For the first time, researchers have revealed the syringe-like type-III secretion system of Gram-negative bacteria in action. In the research study, published in Nature Communications, the group of Thomas Marlovits from the Centre for Structural Systems Biology (CSSB) at the DESY campus provides new insights into how pathogenic bacteria such as Salmonella infect human cells. According to the researchers, visualizing this at the molecular level helps further our understanding of host-pathogen interactions and contributes to the development of novel therapies for the treatment of bacterial infections and other diseases.
To infect its human host, many Gram-negative bacteria such as Salmonella or plague bacteria rely on a type III secretion system also known as the injectisome. Each individual bacterium has several syringe-shaped injectisomes protruding from its surface. As their name implies, injectisomes are responsible for injecting bacterial proteins into human cells. Once inside the cell, these bacterial proteins invade cellular tissue and help ensure the spread of infection.
The Marlovits group has been investigating the molecular mechanisms of the injectisome’s needle complex for several years. “The needle complex is a cylindrical structure and represents the most prominent part of the injectisome,” explains Marlovits. “It provides bacterial proteins with smooth passage from the bacterium’s cytoplasm across several membranes directly into human host cells.”
In fact, it has been reported that as many as 60 bacterial proteins can travel through the needle complex in one second. While this rapid rate of secretion is advantageous for the bacterium, it hinders the researchers’ ability to visualize and understand this essential process. “To help overcome this challenge, we trapped a single bacterial protein inside the needle complex with a trick,” explains Sean Miletic, one of the study's main authors. Miletic’s colleague Jiri Wald was then able to capture high resolution images of the protein’s subtle movements inside the needle complex using a cryo electron microscope at CSSB.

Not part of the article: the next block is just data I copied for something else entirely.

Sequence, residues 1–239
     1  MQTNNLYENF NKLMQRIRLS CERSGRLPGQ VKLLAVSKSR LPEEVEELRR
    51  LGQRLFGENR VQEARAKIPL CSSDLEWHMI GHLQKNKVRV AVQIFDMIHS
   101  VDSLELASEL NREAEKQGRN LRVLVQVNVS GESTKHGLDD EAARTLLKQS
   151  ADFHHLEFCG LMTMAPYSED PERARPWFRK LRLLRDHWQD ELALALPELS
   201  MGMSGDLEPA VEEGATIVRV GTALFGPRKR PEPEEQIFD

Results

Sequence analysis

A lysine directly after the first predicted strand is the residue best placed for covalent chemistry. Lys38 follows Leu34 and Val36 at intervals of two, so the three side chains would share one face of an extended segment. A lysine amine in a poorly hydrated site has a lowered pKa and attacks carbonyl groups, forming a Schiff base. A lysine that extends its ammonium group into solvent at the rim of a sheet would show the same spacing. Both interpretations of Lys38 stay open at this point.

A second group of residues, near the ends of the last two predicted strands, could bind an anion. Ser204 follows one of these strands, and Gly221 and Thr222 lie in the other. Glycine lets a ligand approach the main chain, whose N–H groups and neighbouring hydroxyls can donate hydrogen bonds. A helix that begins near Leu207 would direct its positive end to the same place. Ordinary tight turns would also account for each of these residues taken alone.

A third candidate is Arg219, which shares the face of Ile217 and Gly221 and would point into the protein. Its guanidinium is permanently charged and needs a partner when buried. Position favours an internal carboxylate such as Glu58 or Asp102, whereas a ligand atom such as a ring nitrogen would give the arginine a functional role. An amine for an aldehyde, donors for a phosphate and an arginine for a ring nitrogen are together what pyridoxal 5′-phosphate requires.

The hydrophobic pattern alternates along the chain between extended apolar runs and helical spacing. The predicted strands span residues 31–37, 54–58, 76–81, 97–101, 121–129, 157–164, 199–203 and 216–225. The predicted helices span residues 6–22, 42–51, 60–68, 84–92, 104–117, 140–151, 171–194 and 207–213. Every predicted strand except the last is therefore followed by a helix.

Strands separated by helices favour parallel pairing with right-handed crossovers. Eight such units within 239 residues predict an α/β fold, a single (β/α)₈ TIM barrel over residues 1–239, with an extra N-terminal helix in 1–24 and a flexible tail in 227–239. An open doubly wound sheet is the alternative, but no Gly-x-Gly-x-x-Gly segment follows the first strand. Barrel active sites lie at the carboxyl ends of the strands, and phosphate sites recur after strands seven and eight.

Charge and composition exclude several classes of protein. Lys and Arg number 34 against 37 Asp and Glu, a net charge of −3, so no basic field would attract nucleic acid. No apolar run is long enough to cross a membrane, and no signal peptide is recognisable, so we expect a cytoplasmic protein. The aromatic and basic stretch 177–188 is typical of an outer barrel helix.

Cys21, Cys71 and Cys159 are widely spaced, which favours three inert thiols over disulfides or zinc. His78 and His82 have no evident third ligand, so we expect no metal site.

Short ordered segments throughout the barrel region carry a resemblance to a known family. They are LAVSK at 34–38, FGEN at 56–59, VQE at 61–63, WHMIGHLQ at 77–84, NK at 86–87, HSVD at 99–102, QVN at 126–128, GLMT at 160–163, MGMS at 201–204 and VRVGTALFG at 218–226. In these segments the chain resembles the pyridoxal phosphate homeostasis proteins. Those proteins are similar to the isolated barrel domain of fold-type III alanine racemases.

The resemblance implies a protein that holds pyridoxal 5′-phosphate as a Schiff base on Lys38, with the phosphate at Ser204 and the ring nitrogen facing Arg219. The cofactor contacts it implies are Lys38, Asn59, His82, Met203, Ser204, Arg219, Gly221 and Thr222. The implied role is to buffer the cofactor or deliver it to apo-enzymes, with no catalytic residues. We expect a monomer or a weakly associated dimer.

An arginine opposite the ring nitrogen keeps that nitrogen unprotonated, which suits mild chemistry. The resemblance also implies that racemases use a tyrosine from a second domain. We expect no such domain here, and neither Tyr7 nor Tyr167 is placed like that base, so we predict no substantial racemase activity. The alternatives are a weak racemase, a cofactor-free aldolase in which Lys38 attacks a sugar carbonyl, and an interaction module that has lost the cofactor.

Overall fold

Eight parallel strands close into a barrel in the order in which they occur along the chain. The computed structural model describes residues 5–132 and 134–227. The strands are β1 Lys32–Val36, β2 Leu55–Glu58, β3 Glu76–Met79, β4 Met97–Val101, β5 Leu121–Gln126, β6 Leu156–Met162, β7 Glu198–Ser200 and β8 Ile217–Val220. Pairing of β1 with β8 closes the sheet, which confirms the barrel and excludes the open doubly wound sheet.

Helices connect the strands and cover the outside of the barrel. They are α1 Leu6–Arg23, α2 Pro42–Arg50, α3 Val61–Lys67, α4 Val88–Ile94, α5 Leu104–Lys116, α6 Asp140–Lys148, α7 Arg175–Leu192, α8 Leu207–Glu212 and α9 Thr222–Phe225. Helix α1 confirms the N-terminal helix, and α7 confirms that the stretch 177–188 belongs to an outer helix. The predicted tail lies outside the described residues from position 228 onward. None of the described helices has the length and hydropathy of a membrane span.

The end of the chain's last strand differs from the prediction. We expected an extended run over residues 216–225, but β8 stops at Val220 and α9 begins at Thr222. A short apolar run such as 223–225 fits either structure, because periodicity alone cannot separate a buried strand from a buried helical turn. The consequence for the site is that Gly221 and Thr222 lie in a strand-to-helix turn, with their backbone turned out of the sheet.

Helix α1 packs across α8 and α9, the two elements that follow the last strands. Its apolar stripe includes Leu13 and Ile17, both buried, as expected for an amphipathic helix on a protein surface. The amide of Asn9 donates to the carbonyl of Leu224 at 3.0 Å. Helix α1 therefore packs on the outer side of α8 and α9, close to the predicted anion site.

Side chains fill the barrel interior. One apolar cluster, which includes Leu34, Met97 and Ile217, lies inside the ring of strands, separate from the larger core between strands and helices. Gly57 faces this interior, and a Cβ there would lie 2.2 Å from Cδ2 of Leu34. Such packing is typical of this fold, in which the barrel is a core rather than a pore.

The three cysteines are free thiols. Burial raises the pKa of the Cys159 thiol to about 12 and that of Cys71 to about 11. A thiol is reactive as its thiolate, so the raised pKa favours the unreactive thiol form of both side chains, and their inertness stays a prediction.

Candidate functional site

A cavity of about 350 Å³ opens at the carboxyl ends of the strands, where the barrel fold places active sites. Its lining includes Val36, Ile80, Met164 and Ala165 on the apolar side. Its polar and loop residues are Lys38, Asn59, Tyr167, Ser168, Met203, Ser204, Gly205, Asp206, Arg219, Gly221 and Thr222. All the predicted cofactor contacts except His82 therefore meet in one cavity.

The high-resolution images not only provided new insights into the structure of the needle complex but also confirmed the essential role of its export apparatus (EA) which functions as an entry portal. “The EA’s structural elements function together as both a gate and guide, to engage and steer bacterial proteins towards the tip of the needle,” explains Dirk Fahrenkamp from the research team, who built an atomic model of the needle complex based on the images.
Ultimately, understanding and visualizing the molecular mechanisms employed by bacteria to invade human cells at atomic resolution is essential for the development of novel therapies which are able to fight infections in a targeted and intelligent manner. “While these results enrich our understanding of the type three secretion system, this study is also notable in that it was truly a group effort,” explains Marlovits. “Not only did each of the paper’s four first authors contribute their own vital expertise but the collaboration efforts of the cryo-EM facility and the support of the CSSB media kitchen were essential to the success of this study.”